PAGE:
What constitutes theft and robbery in Florida?
In everyday use, the term “theft” and “robbery” are generally understood by Florida residents to mean the taking of property that does not belong to the perpetrator. While this is an accurate overall definition, the terms “theft” and “robbery” in the legal realm have specific definitions that the state must use to prosecute offenders.
What is theft under Florida law?
Under Florida law, Theft offenses occur when someone “knowingly obtains or uses, or endeavors to obtain or to use, the property of another with intent to, either temporarily or permanently” to either deprive the owner of his or her rightful use of the property or to use it himself or herself in an improper manner without the permission of the owner.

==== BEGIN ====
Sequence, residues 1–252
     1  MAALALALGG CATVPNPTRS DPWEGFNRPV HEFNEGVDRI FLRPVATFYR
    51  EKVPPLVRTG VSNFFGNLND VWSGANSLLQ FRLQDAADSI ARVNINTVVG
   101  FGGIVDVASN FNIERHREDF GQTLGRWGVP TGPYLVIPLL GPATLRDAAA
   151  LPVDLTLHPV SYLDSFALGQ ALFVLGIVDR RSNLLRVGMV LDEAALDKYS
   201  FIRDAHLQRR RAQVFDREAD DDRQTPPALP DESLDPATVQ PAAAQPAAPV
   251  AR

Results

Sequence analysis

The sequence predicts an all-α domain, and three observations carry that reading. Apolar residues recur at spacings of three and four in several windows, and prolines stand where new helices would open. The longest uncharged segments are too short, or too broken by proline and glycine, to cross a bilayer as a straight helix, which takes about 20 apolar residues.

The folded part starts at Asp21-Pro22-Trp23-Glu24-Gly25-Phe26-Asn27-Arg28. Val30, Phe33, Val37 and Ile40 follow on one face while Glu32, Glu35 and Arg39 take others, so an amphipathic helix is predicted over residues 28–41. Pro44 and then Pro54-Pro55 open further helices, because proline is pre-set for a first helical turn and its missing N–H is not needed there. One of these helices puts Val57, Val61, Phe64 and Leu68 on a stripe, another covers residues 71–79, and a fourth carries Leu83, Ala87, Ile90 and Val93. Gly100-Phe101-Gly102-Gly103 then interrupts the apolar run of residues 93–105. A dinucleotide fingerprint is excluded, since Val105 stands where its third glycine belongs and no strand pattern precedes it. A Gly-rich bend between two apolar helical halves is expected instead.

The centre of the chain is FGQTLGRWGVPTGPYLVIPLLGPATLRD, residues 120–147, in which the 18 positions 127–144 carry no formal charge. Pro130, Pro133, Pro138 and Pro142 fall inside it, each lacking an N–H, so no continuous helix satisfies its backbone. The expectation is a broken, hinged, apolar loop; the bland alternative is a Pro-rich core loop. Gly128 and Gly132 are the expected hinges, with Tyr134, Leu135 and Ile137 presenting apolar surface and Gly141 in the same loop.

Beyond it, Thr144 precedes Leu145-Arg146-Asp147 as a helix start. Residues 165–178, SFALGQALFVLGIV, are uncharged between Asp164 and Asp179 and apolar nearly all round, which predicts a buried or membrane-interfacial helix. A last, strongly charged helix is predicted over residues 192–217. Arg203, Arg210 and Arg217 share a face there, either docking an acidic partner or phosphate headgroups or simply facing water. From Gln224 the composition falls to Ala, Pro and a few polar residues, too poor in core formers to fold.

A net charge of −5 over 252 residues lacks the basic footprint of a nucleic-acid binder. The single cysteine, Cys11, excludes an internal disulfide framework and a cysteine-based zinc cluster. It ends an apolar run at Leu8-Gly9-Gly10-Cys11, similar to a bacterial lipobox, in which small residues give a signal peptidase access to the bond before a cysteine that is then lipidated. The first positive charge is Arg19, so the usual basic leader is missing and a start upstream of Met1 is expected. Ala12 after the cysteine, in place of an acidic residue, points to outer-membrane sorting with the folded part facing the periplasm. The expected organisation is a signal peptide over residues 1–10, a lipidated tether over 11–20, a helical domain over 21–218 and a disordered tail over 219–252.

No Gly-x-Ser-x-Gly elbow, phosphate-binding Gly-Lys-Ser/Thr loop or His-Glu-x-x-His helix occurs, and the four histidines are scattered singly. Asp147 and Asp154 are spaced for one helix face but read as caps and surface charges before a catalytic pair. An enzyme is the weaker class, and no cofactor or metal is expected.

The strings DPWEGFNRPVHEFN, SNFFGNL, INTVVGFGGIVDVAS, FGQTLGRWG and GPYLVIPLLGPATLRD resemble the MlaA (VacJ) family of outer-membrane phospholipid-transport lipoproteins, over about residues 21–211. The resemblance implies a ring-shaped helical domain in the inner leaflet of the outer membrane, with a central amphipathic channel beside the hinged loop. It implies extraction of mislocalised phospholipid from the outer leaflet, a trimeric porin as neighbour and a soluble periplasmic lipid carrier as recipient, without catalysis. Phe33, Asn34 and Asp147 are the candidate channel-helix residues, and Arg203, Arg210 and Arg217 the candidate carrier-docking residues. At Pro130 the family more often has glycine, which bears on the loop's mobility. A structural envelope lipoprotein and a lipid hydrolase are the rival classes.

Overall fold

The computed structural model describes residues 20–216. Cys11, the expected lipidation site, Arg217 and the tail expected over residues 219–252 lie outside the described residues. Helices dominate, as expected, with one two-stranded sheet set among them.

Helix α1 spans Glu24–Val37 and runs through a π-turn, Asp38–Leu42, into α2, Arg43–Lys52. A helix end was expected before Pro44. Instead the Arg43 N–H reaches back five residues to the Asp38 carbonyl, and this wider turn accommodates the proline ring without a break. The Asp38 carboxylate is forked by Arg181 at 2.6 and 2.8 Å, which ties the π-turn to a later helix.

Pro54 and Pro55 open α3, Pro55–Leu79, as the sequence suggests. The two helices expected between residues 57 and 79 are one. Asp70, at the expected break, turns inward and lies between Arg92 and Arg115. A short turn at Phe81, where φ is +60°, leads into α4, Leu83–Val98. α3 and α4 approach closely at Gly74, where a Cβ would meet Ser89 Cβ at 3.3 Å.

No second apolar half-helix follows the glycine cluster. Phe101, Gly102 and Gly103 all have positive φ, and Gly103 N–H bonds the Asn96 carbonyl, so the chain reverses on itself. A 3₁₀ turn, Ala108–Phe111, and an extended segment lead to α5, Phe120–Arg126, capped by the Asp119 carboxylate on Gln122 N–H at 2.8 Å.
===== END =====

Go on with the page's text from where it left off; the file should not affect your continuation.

Theft is a property crime and is nonviolent – meaning it does not involve the use of force. A common example of a Florida theft case would involve stealing a bicycle, car, or another piece of property.
various levels of theft charges that carry different criminal penalties. Cases involving the theft of expensive objects, for example, are classified as “grand theft” and are punished more harshly than theft of less valuable objects.
What is robbery under Florida law?
Robbery is similar to theft but differs in one important respective: it refers to the unlawful acquisition of property “when in the course of the taking there is the use of force, violence, assault, or putting in fear.” Because of the human element, these crimes are more serious than theft and result in harsher penalties.
To briefly summarize, theft is simply taking an object that doesn’t belong to you while robbery is using force or the threat of force to do so. Whether you are charged with robbery or theft in Florida, mounting a well-crafted defense is essential to achieving the best possible outcome in the criminal justice system.